Everything is upside down in this sob non-story - criminals (a.k.a 'undocumented young activists', DEMANDING to change the laws of the country they have no business to be in), somehow depicted here as heroes and 'evil' ICE agents and enforcement officers merely performing their duties.Totally absurd and utterly disgusting. It is really tragic what have we become...

Posted by Guest on Oct. 23, 2013 @ 8:12 pm

When America is a smoldering ruin, leftists will survey their work and beam with pride. "We did it!"

Posted by Guest on Oct. 23, 2013 @ 8:54 pm

smoldering ruin, and leftists had little or nothing to do with it.

Posted by Guest on Oct. 23, 2013 @ 9:53 pm

If things keep going the way they are in terms of rising inequality, America is set for some extremely unpleasant times in the coming years. The only thing I can see that could potentially turn these policies around toward promoting greater equality, without bloodshed, is the same kind of demographic change that we see starting to bear fruit in California. As a result of the demographic shift, California has gone from solidly Republican, to a state where Republicans are a permanent minority. And, I might add, without the predicted rightward shift on social issues. (A recent Pew poll found that Latinos are actually more liberal than whites on issues like abortion and gay rights).

Well in 40-50 years, America will look like California, and California will look like Los Angeles. It can't come soon enough, IMO.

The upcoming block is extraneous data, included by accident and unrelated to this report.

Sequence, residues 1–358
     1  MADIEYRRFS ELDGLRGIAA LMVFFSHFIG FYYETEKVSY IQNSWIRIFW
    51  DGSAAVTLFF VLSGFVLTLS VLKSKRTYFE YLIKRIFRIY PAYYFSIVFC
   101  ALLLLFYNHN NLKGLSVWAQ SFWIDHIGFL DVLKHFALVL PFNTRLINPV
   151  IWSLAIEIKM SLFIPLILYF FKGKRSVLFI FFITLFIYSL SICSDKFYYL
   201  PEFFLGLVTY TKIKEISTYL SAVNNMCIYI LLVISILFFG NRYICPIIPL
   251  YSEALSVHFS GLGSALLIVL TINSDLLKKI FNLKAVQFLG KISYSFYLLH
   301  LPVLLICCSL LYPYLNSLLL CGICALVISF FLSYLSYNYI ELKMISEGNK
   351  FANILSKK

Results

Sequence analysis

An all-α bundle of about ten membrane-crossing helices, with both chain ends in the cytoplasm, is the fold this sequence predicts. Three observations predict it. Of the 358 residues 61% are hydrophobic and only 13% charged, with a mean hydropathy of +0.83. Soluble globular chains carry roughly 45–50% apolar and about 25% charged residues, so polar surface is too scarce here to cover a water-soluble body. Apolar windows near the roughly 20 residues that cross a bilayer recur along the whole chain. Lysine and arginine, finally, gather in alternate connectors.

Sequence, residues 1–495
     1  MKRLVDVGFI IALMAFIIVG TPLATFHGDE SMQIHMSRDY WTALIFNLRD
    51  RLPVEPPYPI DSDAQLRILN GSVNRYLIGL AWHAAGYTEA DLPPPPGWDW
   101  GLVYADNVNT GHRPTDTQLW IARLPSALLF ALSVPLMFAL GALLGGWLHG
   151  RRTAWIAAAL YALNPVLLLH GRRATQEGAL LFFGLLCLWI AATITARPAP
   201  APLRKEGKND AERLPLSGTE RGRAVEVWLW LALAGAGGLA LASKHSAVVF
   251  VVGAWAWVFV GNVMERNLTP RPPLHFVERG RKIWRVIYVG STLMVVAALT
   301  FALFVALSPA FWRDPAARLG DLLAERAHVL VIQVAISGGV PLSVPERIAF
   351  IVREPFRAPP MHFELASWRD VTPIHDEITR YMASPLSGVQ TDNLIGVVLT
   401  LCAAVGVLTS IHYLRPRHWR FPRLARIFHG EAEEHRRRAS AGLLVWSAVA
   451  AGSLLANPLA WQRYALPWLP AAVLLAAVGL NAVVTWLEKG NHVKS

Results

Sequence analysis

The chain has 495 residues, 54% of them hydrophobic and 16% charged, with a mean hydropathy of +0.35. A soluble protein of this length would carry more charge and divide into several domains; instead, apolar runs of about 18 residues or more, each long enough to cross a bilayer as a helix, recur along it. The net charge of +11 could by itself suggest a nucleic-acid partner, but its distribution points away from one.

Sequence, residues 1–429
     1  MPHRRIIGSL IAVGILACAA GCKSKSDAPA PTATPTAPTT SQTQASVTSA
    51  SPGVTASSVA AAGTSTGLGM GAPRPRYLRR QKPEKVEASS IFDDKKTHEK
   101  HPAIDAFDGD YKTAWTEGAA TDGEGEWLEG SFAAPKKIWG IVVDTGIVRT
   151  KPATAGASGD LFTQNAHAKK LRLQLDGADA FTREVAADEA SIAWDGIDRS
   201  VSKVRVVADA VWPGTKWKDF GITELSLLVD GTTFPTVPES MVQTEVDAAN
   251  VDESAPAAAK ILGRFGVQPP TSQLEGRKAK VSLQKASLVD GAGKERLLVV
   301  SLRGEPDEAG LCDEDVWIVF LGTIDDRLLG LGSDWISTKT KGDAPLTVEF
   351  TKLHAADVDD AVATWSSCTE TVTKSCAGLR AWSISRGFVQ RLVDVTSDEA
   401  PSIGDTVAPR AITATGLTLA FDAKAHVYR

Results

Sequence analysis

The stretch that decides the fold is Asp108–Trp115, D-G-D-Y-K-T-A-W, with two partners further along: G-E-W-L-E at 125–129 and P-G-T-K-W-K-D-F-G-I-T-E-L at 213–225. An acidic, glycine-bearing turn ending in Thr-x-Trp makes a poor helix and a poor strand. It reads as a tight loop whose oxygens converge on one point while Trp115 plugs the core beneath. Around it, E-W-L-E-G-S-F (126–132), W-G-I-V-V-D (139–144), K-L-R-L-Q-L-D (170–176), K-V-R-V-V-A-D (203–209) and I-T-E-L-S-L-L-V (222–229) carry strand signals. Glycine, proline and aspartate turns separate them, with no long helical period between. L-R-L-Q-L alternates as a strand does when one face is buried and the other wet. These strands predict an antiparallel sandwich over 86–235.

Posted by Greg on Oct. 23, 2013 @ 10:24 pm

If the top 10% become richer and the other 90% become no poorer, then inequality has increased but nobody is worse off.

You should focus on absolute numbers rather than worry that someone somewhere has a lot more than you, because that doesn't matter, unless you are vain, insecure or envious.

Posted by Guest on Oct. 24, 2013 @ 9:41 am

that bottom 90%

loses much more of the influence which wealth brings

if you and i are both standing in a ticket line

and you can offer the ticket taker 2 dollars to let you jump the line (and i can offer 1) the ticket taker will likely tell us both to get back in line

but if you can and would offer 100 dollars...

therein lies the key problem of wealth disparity

Posted by racer x on Oct. 24, 2013 @ 9:57 am

having more money opens more doors and gets you better stuff?

You think? Really? I'm shocked to hear that.

But unless you think every person should have the exact same means, and even communist nations came nowhere close to that, then what you describe is inevitable.

And desirable, because it is that prospect that drives ambition and effort, because people like to succeed. People like to jump that line.

Otherwise why would anyone even show up at work?

Posted by Guest on Oct. 24, 2013 @ 10:10 am

In the theoretical universe of Chicago-school economics, "wealth" gets "created," as if by magic, and no one is worse off for it. In real life, wealth gets concentrated by a tiny few who exploit the labor of others, and 90% of the country is, in fact, losing ground in terms of real wages.

But even if it were true, inequality is, in fact, an issue in and of itself. The Wilkinson and Pickett research proves it. But as I've stated before, you need not even read the research. This is basic human psychology. We have an innate sense of fairness from the time we're toddlers, and no amount of "rational actor" BS can change the way the human mind actually works. Inequality, in and of itself, separate and apart from poverty, has a devastating effect on the human psyche, and is independently associated with a range of social ills.

Posted by Greg on Oct. 24, 2013 @ 9:53 pm

imply anything about the financial wellbeing of others.

Indeed, if that newly rich person shares his wealth, invests in his community or hires locals, then everyone gains from the increased "inequality".

Concepts like inequality are grounded in envy. Why concern yourself with what other have? Focus instead on what you can achieve.